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Technological Extinctions of Industrial Firms: An Inquiry into their ...

Technological Extinctions of Industrial Firms: An Inquiry into their ...

56 p. 159]). 51 Other

56 p. 159]). 51 Other improvements involved the strains of mold used, fermentation ingredients, continuous control and feeding, waste treatment, air sterilization, extraction, and packaging. Semisynthetic penicillins required the same production techniques as natural penicillins, but added additional steps. A core ingredient, 6-APA, was either filtered directly from the production broth or created from penicillin G using an enzyme (Lein [1970, p. 67], Lee [1974, p. 401]). The 6-APA was then reacted synthetically, using any of several acylation methods, to attach a desired side chain, then extracted using solvents (Lein [1970, p. 67]). Conditions of acylation and solvent extraction methods had to be developed to suit each different form of semisynthetic penicillin (Industrial Chemist [1963, pp. 517-518]). The enzymatic production method was developed independently by Bristol, Beecham, Pfizer, and Bayer, all major firms, in 1960 (Lein [1970, p. 67]). How do these patterns of process innovation reflect on the determinants of the shakeout? Consider whether a major process innovation might have triggered the shakeout as in the innovative gamble theory. First, innovative progress clearly was made on many fronts through a large number of incremental advances. The individual advances that were emphasized as most outstanding did not come at the time of the shakeout but were pioneered during World War II and were freely licensed. Fermentation tanks, perhaps the mostly likely candidate around when the shakeout began in 1954, diffused rapidly through purchase from third-party suppliers, contrary to the notion that they required in-house development. Second, and again contrary to the theory, production scale economies do not seem to have been significant in penicillin (Schwartzman [1976, p. 308]). In the case of fermentors, plants operated large numbers of fermentation tanks, remaining well above any scale requirements related to this equipment. 51 Fermentors were developed under conditions which fermentation researcher Elmer Gaden [1956, p. 168] called an "extreme atmosphere of competitive secrecy," and by the mid-1950s had improved to achieve higher aeration, thorough agitation of production media using powerful stirring blades, complete elimination of contaminants, and close control of process variables.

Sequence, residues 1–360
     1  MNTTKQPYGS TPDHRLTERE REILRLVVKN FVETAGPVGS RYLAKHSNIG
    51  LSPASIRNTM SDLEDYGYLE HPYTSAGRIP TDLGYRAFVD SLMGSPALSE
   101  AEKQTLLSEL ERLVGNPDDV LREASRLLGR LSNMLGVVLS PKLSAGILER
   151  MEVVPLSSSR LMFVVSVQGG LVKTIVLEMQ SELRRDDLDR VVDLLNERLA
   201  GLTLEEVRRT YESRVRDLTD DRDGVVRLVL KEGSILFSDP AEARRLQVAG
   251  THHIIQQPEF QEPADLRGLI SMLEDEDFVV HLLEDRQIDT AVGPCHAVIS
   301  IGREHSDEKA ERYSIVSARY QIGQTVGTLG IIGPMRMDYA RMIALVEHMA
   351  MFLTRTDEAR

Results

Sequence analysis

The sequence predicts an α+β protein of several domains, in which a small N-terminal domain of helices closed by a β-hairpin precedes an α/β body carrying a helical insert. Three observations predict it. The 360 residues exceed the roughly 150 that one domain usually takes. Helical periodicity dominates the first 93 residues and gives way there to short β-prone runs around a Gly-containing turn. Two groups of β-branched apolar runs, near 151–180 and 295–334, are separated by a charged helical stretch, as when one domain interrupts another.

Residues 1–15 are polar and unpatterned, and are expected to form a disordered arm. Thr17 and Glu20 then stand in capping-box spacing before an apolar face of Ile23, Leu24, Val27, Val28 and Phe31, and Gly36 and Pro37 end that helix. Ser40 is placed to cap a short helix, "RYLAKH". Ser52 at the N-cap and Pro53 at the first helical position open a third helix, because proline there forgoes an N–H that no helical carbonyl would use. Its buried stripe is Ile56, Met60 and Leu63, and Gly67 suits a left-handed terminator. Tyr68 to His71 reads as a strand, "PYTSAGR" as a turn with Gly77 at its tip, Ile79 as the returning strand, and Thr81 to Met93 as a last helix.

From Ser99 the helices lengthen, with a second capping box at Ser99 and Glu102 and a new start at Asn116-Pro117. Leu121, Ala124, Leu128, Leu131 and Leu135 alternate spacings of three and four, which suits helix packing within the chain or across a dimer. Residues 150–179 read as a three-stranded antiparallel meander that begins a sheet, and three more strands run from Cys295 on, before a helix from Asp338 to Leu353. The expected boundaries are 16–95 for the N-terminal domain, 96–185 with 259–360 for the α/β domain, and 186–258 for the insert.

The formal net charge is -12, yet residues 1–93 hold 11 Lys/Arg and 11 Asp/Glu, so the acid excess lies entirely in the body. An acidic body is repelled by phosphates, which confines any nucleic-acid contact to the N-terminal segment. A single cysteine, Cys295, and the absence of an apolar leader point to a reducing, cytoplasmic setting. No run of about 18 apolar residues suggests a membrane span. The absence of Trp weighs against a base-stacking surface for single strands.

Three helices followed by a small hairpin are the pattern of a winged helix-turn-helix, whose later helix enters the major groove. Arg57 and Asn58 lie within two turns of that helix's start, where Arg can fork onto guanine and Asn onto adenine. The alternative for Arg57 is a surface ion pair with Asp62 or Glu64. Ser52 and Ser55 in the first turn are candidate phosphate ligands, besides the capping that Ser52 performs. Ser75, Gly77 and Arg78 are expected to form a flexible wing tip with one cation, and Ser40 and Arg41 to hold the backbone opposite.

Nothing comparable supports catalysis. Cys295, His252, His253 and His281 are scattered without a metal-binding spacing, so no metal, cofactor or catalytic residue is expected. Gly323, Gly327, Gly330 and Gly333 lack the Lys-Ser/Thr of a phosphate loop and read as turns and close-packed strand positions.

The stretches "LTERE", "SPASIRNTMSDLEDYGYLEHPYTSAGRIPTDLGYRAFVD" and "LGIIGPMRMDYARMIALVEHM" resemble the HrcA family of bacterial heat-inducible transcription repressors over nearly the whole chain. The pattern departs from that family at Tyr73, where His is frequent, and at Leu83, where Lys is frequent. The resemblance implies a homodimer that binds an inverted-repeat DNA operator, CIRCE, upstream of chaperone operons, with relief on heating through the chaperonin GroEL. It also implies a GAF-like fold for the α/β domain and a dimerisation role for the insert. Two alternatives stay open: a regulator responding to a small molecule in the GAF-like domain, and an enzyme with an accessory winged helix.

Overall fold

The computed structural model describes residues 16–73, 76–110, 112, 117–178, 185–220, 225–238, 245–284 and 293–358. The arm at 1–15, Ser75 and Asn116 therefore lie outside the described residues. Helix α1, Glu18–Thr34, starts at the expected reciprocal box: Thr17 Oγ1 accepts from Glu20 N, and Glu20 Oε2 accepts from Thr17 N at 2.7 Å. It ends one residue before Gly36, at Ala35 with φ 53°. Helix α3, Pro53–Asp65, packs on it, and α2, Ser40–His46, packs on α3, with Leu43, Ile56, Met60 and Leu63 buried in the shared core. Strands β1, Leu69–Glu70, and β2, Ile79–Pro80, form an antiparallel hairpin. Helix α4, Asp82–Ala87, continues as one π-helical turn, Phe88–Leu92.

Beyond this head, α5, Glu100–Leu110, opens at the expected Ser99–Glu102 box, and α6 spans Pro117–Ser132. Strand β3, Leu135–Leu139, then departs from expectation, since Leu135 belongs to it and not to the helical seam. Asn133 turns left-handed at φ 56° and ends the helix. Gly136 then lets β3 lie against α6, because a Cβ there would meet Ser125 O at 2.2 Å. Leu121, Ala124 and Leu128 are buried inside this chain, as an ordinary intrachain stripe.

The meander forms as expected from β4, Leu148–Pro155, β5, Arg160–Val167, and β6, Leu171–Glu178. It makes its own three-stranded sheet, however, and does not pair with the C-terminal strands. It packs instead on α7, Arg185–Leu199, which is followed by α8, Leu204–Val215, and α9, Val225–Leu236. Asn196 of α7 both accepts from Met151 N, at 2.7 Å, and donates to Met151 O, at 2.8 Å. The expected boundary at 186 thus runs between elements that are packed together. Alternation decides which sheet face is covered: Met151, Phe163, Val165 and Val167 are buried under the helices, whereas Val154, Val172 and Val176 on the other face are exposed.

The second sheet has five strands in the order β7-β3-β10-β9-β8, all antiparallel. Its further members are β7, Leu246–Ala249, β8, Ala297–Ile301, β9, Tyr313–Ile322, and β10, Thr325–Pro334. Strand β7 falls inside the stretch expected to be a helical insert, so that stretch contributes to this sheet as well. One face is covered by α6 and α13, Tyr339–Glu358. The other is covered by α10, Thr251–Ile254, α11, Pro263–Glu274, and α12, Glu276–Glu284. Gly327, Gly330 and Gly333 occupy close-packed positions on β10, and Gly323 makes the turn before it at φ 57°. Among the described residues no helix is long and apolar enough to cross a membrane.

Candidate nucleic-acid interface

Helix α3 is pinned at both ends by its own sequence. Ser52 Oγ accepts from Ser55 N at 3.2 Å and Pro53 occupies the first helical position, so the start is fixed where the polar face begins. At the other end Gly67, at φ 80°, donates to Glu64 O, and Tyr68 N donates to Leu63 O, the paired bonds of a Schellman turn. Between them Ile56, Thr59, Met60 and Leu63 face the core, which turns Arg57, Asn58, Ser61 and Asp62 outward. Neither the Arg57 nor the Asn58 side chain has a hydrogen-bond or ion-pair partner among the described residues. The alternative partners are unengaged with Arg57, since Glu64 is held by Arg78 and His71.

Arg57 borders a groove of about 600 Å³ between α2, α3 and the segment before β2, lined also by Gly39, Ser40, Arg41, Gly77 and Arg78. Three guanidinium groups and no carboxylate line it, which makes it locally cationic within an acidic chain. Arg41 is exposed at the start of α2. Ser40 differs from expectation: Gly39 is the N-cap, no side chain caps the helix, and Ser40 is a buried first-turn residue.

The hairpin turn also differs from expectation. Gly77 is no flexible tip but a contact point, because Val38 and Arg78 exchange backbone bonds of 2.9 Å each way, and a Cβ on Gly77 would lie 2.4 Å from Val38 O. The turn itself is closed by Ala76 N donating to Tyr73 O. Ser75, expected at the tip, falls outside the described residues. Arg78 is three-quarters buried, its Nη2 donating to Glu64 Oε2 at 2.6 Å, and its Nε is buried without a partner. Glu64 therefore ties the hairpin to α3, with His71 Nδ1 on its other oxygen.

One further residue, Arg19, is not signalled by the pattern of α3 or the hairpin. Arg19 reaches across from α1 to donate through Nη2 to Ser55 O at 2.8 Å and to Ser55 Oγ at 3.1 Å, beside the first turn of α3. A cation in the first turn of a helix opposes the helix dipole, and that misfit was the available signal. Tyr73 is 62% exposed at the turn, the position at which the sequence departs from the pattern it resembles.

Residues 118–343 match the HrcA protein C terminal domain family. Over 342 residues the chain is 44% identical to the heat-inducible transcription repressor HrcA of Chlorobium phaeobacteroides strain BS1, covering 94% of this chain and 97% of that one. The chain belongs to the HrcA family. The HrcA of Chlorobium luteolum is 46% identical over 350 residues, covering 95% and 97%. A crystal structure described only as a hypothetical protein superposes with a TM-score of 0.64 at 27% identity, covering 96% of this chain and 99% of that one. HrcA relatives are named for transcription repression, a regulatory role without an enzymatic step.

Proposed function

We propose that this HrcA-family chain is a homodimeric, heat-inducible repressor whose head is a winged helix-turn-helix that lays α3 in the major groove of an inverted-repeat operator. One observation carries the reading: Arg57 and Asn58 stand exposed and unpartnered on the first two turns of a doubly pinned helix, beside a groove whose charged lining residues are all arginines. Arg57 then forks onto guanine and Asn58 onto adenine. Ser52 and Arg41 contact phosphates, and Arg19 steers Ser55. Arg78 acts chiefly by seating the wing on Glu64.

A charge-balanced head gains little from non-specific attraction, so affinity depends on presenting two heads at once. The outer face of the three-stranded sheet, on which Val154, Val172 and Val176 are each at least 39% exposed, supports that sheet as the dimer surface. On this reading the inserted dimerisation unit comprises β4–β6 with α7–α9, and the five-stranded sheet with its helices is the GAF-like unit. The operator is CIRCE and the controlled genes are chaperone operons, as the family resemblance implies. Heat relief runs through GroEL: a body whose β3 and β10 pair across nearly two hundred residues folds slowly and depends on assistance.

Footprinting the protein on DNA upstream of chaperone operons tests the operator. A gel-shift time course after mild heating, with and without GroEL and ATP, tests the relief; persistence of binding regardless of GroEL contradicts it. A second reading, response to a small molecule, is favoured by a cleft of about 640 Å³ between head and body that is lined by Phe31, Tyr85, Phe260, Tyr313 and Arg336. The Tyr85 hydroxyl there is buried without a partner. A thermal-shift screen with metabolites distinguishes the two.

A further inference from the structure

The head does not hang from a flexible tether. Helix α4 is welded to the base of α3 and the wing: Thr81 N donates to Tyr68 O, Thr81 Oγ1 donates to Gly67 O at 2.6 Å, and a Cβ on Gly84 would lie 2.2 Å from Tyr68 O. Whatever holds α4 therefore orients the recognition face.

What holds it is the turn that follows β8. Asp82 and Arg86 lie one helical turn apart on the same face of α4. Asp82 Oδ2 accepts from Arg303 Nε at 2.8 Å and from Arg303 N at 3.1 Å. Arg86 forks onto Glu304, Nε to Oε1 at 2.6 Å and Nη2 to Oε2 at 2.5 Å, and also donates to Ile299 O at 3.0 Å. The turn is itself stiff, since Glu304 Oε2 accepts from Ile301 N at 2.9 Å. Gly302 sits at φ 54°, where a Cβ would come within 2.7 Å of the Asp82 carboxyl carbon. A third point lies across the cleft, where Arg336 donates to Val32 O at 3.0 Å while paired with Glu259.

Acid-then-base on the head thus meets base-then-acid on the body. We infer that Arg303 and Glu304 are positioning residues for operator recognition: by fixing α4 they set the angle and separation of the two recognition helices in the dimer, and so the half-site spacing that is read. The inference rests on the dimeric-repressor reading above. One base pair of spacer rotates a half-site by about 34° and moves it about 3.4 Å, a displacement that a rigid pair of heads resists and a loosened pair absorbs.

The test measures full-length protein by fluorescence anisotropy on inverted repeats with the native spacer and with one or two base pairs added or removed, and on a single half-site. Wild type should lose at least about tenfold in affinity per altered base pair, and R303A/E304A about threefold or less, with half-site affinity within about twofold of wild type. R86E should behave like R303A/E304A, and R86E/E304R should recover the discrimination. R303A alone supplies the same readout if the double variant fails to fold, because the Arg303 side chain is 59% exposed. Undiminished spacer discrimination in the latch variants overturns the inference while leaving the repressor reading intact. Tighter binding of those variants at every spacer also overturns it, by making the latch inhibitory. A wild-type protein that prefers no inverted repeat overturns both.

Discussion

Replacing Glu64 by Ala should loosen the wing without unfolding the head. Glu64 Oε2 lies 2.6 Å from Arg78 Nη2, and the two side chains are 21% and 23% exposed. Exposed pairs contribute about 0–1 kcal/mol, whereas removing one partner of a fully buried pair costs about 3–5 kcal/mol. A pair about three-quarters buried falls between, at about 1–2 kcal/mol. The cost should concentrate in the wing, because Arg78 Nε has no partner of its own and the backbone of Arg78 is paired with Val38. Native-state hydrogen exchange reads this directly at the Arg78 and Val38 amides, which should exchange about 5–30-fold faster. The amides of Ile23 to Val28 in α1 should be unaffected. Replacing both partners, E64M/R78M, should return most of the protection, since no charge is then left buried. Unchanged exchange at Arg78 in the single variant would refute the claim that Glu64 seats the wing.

57 In terms of the dominant design theory, the marked rise in process innovation anticipated to occur when the shakeout begins does not seem to have occurred. The government played a strong role in encouraging early process innovation, initiating a trajectory of heavy innovation that predated the shakeout by almost a decade. Large productivity improvements did continue after the shakeout began, but the price and yields data suggest a continuation or decrease in the rate of process improvement rather than an increase in process innovation. In terms of the increasing returns theory, the simultaneous development of production methods by multiple firms is consistent with the theory, as are scattered references in trade articles to major penicillin producers and equipment suppliers, rather than smaller producers of penicillin, as sources of process innovation. Also consistent with the theory, key equipment innovations diffused rapidly through sale by third-party firms. In contrast to the theory, however, process innovation seemingly did not rise over time as anticipated under the increasing returns theory. The large role played by the government in accelerating the exploration of process techniques no doubt distorted the pattern that would have arisen if penicillin manufacturing processes had developed solely at corporate expense. Indeed, the fact that firms were reluctant to invest heavily in manufacturing processes when synthetic production techniques seemed imminent, as documented by Elder [1970, p. 4], suggests that process innovation was much higher than it would have been initially given firms’ own perceptions of their payoffs from R&D. 7. Synthesis In this section, we bring together our key empirical findings and use them to proceed in three ways. First, we focus on empirical patterns common to all four products, asking how they fit with the theories. Second, we focus on the theories and ask what the empirical evidence says about them. Third, we focus on those aspects of each theory that seem to fit the evidence, using them to build a composite story about the role of technological change in shakeouts. Seven key findings from the four products are particularly pertinent to understanding shakeouts. Of these findings, the first four transcend all four products.

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